Anglo American CE Mark Cutifani
JOHANNESBURG (miningweekly.com) – Diversified miner Anglo American CE Mark Cutifani says the global mining industry has, for the most part, been able to show resilience amid the pandemic and provide assistance to communities beyond what governments in many jurisdictions are able to do.
In conversation with Deloitte Africa senior partner Andrew Lane on the first day of the virtually-hosted Mining Indaba, he said mining companies in South Africa, particularly, have had extensive experience in dealing with health issues and already had processes with communities under way to help with management of human immunodeficiency virus.
That experience, coupled with a great sense of collaboration already present in the South African mining industry, as facilitated by the Minerals Council, has helped the industry to respond collectively and effectively amid the pandemic, he pointed out.
“The existing cooperation that has been in place with the mining industry, government, communities and other players made a big difference to the industry’s readiness in dealing with Covid-19,” Cutifani stated.
For example, he pointed out, many mining companies in Africa have helped their surrounding communities connect to electricity, water and food supplies, which has involved making use of existing ties and connections, while the mining industry’s Covid-19 response in the UK has been more disjointed, compared with African countries’ industries.
Cutifani mentioned that people were seeking leaders in this time of crisis who are able to do things differently and react quickly to changing needs. “As a global mining company, we were [also] able to leverage from practices and responses developed in other countries and apply it in South Africa, for example.”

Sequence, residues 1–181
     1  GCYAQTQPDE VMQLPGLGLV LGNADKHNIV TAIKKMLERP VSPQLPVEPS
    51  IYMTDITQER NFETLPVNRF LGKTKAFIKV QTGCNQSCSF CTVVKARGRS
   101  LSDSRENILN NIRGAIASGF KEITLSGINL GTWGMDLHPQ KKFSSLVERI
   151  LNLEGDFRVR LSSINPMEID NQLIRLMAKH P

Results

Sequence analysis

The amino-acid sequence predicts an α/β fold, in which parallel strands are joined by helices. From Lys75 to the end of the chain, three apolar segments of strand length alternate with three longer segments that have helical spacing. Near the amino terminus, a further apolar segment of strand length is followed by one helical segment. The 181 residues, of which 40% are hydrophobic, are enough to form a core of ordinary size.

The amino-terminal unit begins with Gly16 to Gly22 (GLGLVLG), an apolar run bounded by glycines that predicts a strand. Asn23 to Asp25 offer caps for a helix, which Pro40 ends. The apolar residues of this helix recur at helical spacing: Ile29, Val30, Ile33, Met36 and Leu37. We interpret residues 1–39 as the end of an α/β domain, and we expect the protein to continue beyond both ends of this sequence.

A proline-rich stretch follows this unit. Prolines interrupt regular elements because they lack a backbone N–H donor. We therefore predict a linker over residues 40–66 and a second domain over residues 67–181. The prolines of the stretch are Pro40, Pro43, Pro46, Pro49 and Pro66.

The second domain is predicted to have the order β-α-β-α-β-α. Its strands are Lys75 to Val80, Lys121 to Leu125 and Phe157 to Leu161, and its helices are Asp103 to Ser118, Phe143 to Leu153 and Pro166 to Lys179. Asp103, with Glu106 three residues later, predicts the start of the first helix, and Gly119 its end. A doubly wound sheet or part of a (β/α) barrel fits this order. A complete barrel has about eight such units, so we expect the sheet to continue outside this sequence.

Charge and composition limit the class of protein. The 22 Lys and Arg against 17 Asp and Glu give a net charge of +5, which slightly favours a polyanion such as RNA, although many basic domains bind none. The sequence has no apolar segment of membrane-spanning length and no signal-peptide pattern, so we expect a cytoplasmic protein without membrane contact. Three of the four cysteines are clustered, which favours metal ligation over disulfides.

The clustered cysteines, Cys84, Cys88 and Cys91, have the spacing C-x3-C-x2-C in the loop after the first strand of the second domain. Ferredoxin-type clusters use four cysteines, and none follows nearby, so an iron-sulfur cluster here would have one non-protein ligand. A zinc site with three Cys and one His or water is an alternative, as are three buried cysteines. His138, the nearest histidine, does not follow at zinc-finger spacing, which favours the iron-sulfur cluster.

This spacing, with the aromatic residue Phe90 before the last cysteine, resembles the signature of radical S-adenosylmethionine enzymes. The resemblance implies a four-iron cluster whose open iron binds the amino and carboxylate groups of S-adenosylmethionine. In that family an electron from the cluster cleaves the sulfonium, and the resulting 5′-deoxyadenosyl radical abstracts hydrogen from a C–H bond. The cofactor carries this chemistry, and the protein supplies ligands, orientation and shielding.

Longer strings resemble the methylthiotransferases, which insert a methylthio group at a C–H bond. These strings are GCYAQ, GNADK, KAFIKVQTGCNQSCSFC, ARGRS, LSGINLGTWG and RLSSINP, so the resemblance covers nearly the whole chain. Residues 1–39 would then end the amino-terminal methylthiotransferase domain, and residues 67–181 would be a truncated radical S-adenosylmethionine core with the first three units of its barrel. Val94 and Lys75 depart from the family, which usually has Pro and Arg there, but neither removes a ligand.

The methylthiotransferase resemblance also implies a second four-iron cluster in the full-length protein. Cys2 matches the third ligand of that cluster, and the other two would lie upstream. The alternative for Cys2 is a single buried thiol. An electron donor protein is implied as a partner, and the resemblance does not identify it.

He added that community members were seeking leaders who could provide guidance and support, such as in pursuit of getting access to personal protective equipment.
“We have connected better than ever with our communities in the last 12 months. In many ways, people are seeing for themselves that mining companies can get involved in a whole range of things, and build better relationships on the way.
“We have over the last few years re-imaged mining to improve people’s lives, but the pandemic has given that purpose new meaning,” Cutifani highlighted.
Responding to how Anglo American views the changing global landscape, Cutifani said climate change would bring about shifts in demand for certain commodities, which is positive for some and not so much for others. He said that being in a good place for those shifts was something the company had given a lot of thought to.
At an organisational level, Cutifani said the pandemic has shown the importance of thinking divergently. He explained that the “pandemic” had been on the company’s "risk register", but much lower than it should have been, it turns out.
“Covid-19 has provided us with a new way of thinking about risk and managing the unknown. When we talk about environment, social and governance issues, it is in moments or crisis that a company’s values and purpose comes to the fore. For us, the pandemic has reinforced our broader role in society.
“As an industry, though, we are still not doing as much as we can with local communities, but this time has showed how important it is to connect with them.”